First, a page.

Quelling Questions About Quasars!

March 27, 2013 at 12:19 AM (astronomy topics, curious research, current news, extraterrestrial studies, late night studies, science and technology, web gossip) (, , , )

I am in the midst of one of my nerd sessions, currently studying information about quasars.  Actually, I am watching an episode of The Universe on H2.  This show is providing information about distant stars, how they are being discovered, details about their behavior, et cetera.  One part of the show elaborated upon details of quasars, including their behavior, how they are identified, and even the nearest one to Earth.  I was curious, so I had to look up additional details regarding the closest quasar.

Information on The Internet revealed that the first quasar that was recognized is 3C 273.  It is situated within Virgo Constellation, roughly 2.4 billion light years away from Earth!  3C 273 is supposed to be one of the brightest known quasars at this time, with an absolute magnitude of -26.7!  If this quasar was at a distance of thirty light years from Earth, it would be as bright as The Sun!

3C 273 ejects an energy beam of light from it’s core.  This beam, referred to as a visible jet, is roughly 200,000 light years long!  The beam is released from 3C 273, as this quasar is one of the objects currently recognized by astronomy studies as one of the most distant objects within the observable universe.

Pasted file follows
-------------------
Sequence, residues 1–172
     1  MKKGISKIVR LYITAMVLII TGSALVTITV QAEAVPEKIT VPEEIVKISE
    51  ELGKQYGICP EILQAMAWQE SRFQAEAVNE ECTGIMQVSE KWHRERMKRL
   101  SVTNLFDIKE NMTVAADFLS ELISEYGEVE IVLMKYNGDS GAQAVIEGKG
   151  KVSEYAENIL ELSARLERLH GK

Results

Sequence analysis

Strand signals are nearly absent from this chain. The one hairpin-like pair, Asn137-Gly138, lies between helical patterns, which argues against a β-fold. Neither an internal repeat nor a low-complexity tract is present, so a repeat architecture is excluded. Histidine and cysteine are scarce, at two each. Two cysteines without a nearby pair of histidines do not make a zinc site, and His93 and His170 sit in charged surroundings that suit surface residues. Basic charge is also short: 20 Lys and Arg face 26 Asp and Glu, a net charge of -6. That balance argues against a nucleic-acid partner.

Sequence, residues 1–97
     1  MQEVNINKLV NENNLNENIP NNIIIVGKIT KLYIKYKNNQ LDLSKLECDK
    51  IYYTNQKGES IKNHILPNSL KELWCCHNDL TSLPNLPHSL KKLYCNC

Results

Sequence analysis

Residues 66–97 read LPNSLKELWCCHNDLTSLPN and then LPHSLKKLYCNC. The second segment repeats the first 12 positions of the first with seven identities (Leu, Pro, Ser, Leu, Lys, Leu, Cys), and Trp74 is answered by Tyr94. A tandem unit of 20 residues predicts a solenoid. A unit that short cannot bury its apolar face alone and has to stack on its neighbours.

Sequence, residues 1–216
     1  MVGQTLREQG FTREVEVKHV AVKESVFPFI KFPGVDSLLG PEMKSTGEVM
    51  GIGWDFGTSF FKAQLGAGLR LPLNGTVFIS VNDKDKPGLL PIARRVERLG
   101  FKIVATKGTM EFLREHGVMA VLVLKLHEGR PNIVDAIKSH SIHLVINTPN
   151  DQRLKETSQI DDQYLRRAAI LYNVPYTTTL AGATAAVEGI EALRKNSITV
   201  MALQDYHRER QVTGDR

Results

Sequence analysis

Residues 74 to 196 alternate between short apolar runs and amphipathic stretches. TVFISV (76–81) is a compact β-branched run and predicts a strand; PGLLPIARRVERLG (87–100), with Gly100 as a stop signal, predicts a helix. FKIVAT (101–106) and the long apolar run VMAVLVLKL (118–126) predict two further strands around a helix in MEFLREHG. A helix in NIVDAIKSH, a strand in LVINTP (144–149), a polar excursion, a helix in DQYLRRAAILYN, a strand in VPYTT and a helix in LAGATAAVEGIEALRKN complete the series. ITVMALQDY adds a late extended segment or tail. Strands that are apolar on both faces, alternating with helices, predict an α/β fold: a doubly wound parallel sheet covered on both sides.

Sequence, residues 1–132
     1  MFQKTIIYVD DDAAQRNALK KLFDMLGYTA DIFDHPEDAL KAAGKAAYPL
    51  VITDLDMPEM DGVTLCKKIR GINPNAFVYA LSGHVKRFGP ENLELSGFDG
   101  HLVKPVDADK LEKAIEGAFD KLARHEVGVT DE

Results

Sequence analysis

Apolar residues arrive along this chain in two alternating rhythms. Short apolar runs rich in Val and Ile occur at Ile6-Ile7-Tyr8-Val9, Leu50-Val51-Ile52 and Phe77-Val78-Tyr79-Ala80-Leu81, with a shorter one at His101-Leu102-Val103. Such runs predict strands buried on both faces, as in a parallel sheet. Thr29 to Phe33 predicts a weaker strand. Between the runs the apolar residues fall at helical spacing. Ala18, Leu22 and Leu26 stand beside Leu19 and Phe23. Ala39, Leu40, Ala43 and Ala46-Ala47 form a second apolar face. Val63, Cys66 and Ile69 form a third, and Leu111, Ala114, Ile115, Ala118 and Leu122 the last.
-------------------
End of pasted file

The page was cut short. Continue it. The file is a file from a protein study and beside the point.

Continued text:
Quasar is the shortened version for the actual name of these celestial phenomena; quasi-stellar radio source.  These are radio-detected signals from regions of recent supernovae, or from distant areas where stars are being formed.  It is believed that quasars actually are the central regions of the most distant galaxies that can be detected.

Apparently, not all quasars emit radio waves.  That detail likely is confusing, due to the actual name of the quasar.  However, those that do produce radio emissions called synchotron radiation.  The actual quasars are situated closely within magnetic from which these radio waves are released.

As quasars are recognized to be within the most distantly observable galaxies, their observation is a trip backward through spacetime.  The nearest observable quasar to Earth is PKS 2349-014.  It is estimated to be located  at a distance of 1,500 million light years from our world.  This quasar has two thin streams of stellar material, wisps, that surround it.  PSK 2349-014 is situated within the core of a distant, elliptical galaxy.

Some studies reveal that PKS 2349-014 interacts with a companion galaxy, likely set to merge with this galaxy at a future point.  The nearby galaxy currently is estimated to be at a distance of three kiloparsecs from the core of PKS 2349-014.  These wisps are covered by a nebulous region, which appears to cover the entire quasar.

Interesting!  I find the studies of the cosmos, and all that is being learned about the universe beyond our Earth, to be completely fascinating!  Quasars are another intriguing aspect to the ever-intriguing universe of which we are slowly learning more and more about.  Indeed, it was August 5, 1962 when the first quasar was identified by British astronomer Cyril Hazard while working with The University of Sydney.















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